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Novel set in 1960s London

15th February 2018

That Girl by Kate Kerrigan, novel set in 1960s London.

Novel set in 1960s London

It is 1966 and three Irish girls are drawn to swinging London, to the Kings Road, Chelsea, where they end up sharing a seedy flat. On the face of it, the three have little in common. Hanna is a quiet, demure and very beautiful girl, who has little aspiration beyond being a superb homemaker. Lara is confident, clever and talented and utterly determined to make it as a fashion designer. Noreen, feisty and fatter than was fashionable in the sixties, is simply intent on grabbing a bit of the sexual freedom that she feels she’s missing out on in Ireland. But, dig a little deeper, and there are similarities. All three are fleeing things in their past: Hanna is running from a very damaged past and a hideous crime; Lara is escaping a broken heart and bitter betrayal; and Noreen is intent on avoiding what she thinks will be a dead-end marriage. All three girls end up working for notorious gangster, Bobby Chevron, and inevitably find that their pasts begin to catch up with them.

That Girl is Kate Kerrigan at her accomplished best. The plotting is tight with some surprising twists and a dramatic, very exciting and satisfying ending. The characterisation is clever, quirky and funny, particularly the irrepressible Noreen, who is infuriatingly crass and nosy and yet still manages to convince us of the loving nature lurking underneath.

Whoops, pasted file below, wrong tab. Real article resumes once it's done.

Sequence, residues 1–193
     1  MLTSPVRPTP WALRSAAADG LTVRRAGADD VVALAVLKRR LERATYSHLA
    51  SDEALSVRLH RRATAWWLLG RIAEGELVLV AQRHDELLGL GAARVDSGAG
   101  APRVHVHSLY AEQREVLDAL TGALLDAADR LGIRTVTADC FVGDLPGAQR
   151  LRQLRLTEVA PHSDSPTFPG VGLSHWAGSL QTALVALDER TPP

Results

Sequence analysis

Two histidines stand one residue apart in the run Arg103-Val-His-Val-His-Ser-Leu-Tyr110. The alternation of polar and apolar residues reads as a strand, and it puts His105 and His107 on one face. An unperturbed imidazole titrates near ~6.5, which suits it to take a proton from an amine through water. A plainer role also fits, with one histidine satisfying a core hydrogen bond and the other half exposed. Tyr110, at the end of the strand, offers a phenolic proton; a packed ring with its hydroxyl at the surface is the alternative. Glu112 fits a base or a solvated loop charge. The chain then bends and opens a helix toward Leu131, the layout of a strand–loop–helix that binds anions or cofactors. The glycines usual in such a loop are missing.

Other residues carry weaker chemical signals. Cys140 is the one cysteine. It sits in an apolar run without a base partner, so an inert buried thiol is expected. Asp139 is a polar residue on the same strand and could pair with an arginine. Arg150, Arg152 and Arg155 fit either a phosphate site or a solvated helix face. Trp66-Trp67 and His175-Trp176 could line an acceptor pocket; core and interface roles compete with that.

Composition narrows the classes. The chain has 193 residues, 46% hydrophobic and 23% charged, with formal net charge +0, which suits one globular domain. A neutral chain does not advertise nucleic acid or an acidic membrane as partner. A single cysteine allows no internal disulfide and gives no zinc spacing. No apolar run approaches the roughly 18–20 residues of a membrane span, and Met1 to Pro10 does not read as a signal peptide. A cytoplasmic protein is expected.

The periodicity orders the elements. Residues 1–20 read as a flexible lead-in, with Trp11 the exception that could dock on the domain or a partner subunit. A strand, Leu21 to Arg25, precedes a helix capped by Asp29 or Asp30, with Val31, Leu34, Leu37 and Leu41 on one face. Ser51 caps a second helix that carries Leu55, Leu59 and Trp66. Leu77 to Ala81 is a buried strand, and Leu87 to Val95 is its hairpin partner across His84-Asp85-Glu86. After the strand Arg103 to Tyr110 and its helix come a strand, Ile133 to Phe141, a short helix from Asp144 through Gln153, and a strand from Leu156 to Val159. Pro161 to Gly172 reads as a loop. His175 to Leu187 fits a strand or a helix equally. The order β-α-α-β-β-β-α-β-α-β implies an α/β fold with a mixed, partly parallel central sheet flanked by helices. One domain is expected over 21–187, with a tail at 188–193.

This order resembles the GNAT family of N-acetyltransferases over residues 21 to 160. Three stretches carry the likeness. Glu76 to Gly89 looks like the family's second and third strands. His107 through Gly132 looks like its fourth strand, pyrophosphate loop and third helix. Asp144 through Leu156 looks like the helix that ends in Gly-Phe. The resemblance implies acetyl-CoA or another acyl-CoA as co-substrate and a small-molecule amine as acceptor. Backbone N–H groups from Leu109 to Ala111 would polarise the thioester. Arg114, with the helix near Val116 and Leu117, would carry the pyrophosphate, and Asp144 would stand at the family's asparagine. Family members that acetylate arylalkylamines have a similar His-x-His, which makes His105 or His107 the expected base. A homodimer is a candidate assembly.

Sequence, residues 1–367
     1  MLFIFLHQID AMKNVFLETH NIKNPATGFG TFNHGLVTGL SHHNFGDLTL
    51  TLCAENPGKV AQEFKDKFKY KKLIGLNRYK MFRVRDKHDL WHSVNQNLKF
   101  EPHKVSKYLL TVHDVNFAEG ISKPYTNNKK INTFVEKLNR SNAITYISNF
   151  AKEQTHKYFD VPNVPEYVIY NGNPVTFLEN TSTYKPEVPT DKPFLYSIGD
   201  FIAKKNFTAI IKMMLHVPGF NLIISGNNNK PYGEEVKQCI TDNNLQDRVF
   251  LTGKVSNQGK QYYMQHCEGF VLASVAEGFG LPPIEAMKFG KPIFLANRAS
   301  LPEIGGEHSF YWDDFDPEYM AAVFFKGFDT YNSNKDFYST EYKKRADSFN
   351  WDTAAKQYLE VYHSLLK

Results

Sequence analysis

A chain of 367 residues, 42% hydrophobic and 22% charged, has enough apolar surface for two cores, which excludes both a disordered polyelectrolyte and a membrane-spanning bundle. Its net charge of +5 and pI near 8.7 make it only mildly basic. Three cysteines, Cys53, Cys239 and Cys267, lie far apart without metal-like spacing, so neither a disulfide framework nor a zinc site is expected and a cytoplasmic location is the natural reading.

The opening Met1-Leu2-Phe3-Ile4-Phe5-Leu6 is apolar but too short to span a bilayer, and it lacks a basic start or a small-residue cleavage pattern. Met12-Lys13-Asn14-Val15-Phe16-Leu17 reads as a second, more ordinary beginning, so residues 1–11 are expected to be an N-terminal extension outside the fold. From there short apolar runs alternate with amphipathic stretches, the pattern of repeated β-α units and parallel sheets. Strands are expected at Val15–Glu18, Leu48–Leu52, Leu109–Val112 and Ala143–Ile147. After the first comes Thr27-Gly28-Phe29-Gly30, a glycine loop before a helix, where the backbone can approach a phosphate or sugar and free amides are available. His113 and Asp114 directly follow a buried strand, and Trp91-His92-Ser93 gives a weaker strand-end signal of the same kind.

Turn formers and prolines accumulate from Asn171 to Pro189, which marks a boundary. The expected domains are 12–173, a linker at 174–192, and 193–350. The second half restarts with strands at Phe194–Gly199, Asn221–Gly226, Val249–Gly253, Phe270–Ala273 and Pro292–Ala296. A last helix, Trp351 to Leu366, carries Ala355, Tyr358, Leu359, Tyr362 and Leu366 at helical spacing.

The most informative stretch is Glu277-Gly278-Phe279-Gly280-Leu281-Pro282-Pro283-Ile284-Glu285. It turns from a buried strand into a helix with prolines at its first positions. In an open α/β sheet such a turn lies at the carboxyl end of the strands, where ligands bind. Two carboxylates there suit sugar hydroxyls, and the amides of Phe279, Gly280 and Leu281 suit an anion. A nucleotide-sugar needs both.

This is skilful writing and Kerrigan’s evocation of 60’s London is masterful. She recreates the sense of a vibrant metropolis, where young people are free to express themselves and the air positively buzzes with excitement and possibility, but also reminds us of all that was negative about that time. Despite the massive changes happening in the 1960’s Kerrigan makes it clear that women were still very far from achieving equality. She gives the outspoken Noreen some wonderful things to say about men and women at the time. In That Girl gangsters rule much of London, violence is very much the norm and prejudice is everywhere. Kerrigan has certainly done her research and it tells in the wonderful detail, such as the sign outside the boarding houses “No Dogs, no Blacks, no Irish.” For those of us who lived through the 60’s and have a tendency to look back with rose-tinted glasses, it is a powerful reality check.

The test of really good story-telling is that it engages you so completely that the real world doesn’t intrude and where there are no flaws in the narration or the prose to pull you up. That Girl does all this. If you love getting lost in a book, then this is the one for you!

Ellen for the TripFiction Team

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